Hydrogen-atom transfer (HAT) constitutes a key process in a broad range of chemical transformations as it covers heterogeneous, homogeneous, and enzymatic reactions. While open-shell metal oxo species [MO]• are no longer regarded as being involved in the heterogeneously catalyzed oxidative coupling of methane (2CH4 + <O> → C2H6 + H2O), these reagents are rather versatile in bringing about (gas-phase) hydrogen-atom transfer, even from methane at ambient conditions. In this lecture, various mechanistic scenarios will be presented, and it will be demonstrated how these are affected by the composition of the metal-oxide cluster ions. Examples will be discussed, how ‘doping’ the clusters permits the control of the charge and spin situation at the active site and, thus, the course of the reaction. Also, the interplay between supposedly inert support material and the active site – the so-called ‘aristocratic atoms’ – of the gas-phase catalyst will be addressed. Finally, gas-phase HAT from methane will be analyzed in the broader context of thermal activation of inert C−H bonds by metal-oxo species and it will be shown that the investigation of 'doped' metal oxide clusters as mimics for catalytic processes is about to enter into widely uncharted territory of chemistry, a field in which "each atom counts".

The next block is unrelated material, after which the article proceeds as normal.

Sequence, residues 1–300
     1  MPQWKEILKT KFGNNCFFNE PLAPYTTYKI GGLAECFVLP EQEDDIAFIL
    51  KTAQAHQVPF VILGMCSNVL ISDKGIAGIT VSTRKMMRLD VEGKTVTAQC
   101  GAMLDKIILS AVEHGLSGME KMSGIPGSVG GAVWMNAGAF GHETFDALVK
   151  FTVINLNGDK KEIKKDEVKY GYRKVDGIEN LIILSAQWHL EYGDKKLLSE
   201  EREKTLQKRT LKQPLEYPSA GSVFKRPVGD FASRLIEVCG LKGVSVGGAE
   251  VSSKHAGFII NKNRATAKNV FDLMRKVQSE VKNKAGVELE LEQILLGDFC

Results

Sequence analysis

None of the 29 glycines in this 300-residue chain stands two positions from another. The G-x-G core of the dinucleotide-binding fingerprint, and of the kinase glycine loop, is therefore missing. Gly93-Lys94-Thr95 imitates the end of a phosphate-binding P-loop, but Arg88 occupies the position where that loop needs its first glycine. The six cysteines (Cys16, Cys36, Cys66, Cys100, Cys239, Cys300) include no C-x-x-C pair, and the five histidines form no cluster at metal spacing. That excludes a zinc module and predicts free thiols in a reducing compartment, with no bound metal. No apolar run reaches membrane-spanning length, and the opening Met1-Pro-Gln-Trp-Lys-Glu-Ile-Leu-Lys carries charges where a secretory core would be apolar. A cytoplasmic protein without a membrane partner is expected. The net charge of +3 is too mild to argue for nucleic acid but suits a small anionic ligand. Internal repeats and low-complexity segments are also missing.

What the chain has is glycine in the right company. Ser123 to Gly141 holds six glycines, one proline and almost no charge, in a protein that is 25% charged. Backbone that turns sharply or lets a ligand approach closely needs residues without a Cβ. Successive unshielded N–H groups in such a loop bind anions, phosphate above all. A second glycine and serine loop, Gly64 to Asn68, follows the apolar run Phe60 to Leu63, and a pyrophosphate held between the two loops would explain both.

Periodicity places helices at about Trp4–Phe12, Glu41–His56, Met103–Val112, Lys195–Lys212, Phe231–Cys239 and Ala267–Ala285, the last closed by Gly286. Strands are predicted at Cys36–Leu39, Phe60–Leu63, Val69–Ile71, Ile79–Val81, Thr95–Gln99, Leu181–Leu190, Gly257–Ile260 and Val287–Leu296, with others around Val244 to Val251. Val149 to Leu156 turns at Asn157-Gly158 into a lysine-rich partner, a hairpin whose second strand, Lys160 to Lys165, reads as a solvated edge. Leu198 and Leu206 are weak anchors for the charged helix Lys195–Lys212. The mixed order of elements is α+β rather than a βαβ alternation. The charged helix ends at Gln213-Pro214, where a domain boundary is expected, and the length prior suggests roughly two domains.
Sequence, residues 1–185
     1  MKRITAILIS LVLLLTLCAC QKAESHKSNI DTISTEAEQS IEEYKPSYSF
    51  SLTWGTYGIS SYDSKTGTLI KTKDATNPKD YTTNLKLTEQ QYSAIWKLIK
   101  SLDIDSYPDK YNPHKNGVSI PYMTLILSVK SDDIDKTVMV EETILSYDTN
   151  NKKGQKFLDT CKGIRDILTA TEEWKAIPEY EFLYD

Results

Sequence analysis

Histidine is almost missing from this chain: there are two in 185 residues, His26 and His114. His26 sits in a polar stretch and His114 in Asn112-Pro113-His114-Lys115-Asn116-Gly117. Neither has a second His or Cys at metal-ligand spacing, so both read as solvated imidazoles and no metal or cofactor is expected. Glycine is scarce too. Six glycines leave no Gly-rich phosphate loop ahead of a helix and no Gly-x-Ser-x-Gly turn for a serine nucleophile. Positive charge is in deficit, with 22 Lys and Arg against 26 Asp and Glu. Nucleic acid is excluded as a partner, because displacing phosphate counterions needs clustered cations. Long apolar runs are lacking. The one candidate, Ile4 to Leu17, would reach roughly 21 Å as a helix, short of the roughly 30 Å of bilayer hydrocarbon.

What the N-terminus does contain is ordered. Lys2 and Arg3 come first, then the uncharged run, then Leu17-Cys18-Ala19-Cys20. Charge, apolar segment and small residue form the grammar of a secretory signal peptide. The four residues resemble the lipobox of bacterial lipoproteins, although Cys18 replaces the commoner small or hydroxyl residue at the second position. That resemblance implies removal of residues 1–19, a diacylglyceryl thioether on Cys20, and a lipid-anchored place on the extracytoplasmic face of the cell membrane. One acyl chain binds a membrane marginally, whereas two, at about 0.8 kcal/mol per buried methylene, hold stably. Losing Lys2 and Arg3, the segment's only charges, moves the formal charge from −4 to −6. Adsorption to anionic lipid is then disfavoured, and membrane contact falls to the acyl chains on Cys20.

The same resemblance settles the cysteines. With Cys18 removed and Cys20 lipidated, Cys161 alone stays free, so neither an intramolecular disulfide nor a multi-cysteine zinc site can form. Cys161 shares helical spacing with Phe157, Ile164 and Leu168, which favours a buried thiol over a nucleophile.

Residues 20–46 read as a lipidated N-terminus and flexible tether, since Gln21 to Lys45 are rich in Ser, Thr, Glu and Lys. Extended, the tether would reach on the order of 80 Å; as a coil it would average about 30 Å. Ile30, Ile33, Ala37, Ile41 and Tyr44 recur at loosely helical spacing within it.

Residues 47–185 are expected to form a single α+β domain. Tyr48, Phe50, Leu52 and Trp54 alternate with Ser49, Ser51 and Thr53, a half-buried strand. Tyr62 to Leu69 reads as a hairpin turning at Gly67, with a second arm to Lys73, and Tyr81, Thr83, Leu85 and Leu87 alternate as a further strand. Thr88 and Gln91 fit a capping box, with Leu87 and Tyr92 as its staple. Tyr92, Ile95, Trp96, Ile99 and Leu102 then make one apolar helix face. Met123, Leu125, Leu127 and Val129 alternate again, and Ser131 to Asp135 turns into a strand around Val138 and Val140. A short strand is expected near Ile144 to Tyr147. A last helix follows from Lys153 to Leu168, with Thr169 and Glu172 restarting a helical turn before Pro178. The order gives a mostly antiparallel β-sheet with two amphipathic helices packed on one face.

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3) Schwarz, H.; González Navarrete, P.; Li, J.; Schlangen, M.; Sun, X.; Weiske, T.; Zhou, S. Organometallics 2016, in press.